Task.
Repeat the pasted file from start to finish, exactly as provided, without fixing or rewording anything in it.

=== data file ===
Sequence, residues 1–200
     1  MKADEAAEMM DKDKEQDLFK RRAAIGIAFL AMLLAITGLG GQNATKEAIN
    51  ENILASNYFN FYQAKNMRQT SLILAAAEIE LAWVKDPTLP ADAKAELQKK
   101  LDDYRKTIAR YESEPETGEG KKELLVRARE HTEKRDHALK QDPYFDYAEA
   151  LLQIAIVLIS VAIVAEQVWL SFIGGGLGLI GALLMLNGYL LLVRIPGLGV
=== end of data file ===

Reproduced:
Sequence, residues 1–200
     1  MKADEAAEMM DKDKEQDLFK RRAAIGIAFL AMLLAITGLG GQNATKEAIN
    51  ENILASNYFN FYQAKNMRQT SLILAAAEIE LAWVKDPTLP ADAKAELQKK
   101  LDDYRKTIAR YESEPETGEG KKELLVRARE HTEKRDHALK QDPYFDYAEA
   151  LLQIAIVLIS VAIVAEQVWL SFIGGGLGLI GALLMLNGYL LLVRIPGLGV